This is a post I began 2 years ago. It got stuck in the purgatory of saved drafts, and I forgot about it. Reading through it was cathartic for me. The story had a happy ending. The little girl was reunited with her mother. The separation should never have happened in the first place, but they are together and happy now.


Dec 1, 2016

John 8:12  Then spake Jesus again unto them, saying, I am the light of the world:  he that followeth me shall not walk in darkness

Today I went to a court hearing as a support to my friend.  Due to an overreaction at school and some language barrier problems, and probably some racism, her 8 year old daughter was taken into state custody 46 days ago.  She and her daughter have basically suffered all the agony of a kidnapping without the support of having a community behind them trying to help, because the state did the kidnapping.  Today was the hearing to determine what should be done next.  There is no evidence of abuse or neglect happening in the home, other than what the juvenile officers claim was told them by a little girl who has only spoken English for a year and was clearly asked leading questions that she nodded and smiled to because she didn’t understand what was being asked. I’m devastated that the decision was made for the government to retain custody pending more counseling for the daughter until March of next year, when another hearing will be held. That is months away. The harm and trauma it is causing this little girl and her mother can not be measured. I do not wish at this time to write a post about the terrifying amount of power that DFS and CPS have. My friend came to this country legally about a year ago, and our government has just bulldozed its way over her family.

I went to try to share my friend’s burden.  I do not know how to comfort her.  I cannot get her child back for her. But I was there, and I promised I would keep being there, and I assured her that in the end, right will prevail.

when I got home, I was pretty emotionally exhausted–too tired to do home school. I suggested to my girls that we do a service, and they voted to take cookies to our friend who is the primary care giver of her elderly mother with dementia.  The girls enjoyed making the cookies, and delivering them lifted  my spirits after such a difficult morning.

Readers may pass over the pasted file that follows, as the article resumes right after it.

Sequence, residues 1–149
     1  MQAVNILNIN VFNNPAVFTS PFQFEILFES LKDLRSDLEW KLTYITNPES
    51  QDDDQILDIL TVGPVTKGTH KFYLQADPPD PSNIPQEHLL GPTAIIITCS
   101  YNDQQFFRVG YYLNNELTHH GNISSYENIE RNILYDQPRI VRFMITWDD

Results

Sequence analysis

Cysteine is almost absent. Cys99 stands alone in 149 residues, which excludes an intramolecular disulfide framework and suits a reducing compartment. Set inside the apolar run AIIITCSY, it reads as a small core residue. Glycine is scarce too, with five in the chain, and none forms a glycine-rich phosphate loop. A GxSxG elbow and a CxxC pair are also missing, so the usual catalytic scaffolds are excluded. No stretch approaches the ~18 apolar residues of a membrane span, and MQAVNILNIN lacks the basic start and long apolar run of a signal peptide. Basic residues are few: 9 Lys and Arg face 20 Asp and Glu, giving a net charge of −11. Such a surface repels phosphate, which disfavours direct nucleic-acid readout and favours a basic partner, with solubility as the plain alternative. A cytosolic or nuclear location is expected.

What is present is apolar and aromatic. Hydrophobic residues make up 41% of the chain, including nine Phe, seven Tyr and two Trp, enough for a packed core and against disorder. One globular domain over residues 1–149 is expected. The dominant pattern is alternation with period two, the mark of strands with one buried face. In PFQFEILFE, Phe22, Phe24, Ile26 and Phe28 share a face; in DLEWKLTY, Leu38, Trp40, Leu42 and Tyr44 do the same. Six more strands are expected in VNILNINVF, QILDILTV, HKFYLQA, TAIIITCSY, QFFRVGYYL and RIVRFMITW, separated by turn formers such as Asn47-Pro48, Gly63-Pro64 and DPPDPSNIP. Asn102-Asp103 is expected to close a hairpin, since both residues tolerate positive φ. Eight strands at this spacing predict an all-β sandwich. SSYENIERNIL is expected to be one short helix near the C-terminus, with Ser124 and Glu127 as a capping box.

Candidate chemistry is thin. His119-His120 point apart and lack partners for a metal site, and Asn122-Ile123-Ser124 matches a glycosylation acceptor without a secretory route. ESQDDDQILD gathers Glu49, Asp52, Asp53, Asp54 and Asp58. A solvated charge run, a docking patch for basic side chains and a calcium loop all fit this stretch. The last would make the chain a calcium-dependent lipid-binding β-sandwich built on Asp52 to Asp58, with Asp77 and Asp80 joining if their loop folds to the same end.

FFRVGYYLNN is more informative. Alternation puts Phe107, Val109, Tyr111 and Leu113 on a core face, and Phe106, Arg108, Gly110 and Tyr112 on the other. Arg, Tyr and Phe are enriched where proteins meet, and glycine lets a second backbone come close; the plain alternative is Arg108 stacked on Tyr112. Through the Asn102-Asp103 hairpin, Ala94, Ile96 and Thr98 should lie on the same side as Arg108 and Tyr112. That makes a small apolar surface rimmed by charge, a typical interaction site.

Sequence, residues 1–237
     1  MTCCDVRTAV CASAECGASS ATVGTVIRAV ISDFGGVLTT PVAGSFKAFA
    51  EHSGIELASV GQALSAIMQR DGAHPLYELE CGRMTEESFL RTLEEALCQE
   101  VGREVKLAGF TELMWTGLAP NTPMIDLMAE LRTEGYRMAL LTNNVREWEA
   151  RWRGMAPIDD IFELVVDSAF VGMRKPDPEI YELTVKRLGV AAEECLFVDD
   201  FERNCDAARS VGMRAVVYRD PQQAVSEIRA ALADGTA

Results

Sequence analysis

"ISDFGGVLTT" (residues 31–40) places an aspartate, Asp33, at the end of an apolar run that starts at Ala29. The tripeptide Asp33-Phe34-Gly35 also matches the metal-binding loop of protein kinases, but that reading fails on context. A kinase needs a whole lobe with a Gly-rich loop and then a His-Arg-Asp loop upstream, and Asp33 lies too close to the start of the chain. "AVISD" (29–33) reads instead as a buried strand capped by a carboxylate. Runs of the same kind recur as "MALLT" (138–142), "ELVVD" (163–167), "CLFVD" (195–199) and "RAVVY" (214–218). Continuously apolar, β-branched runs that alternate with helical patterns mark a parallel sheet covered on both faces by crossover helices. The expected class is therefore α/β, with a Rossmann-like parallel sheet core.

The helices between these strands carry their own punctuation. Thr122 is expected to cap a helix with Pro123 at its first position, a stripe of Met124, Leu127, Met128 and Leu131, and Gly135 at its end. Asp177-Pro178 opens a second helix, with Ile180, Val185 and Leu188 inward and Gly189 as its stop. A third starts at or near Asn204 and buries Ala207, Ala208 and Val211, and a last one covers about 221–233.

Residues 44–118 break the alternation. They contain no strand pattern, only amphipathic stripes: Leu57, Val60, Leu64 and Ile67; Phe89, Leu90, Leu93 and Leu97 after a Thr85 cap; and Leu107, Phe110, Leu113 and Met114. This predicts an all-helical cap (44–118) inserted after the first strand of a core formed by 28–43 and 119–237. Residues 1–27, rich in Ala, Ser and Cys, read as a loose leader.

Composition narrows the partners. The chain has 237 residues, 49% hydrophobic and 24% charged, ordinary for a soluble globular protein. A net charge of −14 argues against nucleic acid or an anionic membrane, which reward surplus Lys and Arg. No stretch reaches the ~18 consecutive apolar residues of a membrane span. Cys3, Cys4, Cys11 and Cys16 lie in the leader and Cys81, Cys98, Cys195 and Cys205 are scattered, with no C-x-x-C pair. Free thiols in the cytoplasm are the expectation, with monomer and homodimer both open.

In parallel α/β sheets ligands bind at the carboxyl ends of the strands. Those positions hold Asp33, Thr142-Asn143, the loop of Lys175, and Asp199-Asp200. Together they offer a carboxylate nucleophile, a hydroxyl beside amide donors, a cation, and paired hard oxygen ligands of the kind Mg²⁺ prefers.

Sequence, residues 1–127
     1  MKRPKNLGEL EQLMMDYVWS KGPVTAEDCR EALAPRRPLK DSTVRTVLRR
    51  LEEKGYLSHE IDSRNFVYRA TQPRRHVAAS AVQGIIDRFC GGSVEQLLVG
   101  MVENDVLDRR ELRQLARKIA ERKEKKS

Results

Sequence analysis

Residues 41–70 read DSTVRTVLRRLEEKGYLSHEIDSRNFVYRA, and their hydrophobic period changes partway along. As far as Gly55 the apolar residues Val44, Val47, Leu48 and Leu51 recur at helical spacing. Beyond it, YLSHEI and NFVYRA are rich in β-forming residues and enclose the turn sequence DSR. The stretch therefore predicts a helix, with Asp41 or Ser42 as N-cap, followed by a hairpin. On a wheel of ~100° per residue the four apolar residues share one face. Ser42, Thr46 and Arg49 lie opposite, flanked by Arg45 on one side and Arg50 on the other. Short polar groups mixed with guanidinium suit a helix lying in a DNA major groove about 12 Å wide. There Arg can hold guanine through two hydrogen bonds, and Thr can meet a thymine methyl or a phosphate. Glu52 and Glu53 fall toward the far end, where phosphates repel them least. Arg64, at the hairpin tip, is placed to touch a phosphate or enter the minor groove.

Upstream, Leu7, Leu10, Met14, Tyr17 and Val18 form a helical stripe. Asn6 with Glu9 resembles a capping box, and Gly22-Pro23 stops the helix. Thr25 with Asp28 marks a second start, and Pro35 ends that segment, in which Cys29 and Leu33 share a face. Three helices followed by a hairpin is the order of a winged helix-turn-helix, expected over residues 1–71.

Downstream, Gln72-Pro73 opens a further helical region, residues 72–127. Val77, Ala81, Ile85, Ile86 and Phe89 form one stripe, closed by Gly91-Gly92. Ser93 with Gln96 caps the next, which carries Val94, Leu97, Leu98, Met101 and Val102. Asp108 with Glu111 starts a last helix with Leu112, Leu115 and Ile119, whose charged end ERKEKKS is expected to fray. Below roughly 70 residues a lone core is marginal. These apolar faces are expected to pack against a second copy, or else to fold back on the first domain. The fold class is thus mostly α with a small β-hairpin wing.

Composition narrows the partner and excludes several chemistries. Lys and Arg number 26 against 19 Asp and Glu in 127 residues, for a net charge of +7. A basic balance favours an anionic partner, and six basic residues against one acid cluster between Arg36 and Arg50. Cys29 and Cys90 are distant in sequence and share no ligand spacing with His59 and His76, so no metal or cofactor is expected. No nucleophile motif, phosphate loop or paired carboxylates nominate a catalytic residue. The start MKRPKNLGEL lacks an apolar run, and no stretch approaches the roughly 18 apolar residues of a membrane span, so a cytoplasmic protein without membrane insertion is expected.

Best Oatmeal Cookies Ever:

1 cup coconut oil (the fragrant unrefined kind–butter also works here)

1 cup brown sugar, packed

1/2 cup white sugar

1 tsp vanilla

2 eggs

1-1/2 cups flour

1 tsp baking soda

1 tsp cinnamon

1/2 tsp salt

3 cups old fashioned rolled oats

1 cup raisins

1. Preheat the oven to 325*F

2. Cream coconut oil/butter and sugars together.

3. Add eggs and vanilla.

4. In a separate bowl, combine the flour, baking soda, cinnamon, and salt.

5. Add the flour to the coconut oil/butter and mix thoroughly.

6. Add the oatmeal and raisins and stir until they are evenly distributed.

7. Drop the cookie dough by rounded teaspoonfuls on an un-greased cookie sheet. Bake 18-20 minutes, or until the cookies are golden brown around the edges and firm when lightly tapped in the center.

Why I chose to Homeschool-turning my heart to my children.

1 Dec


I’ll be honest.  I never thought I would home school.  I was glad to send my older kids to school and have a break during the day.   My college degree is Elementary Education, but I never seriously considered home school.  However, I did often say things to myself like, “If I ever home school, I’d use such and such book/curriculum.”  Funny, huh.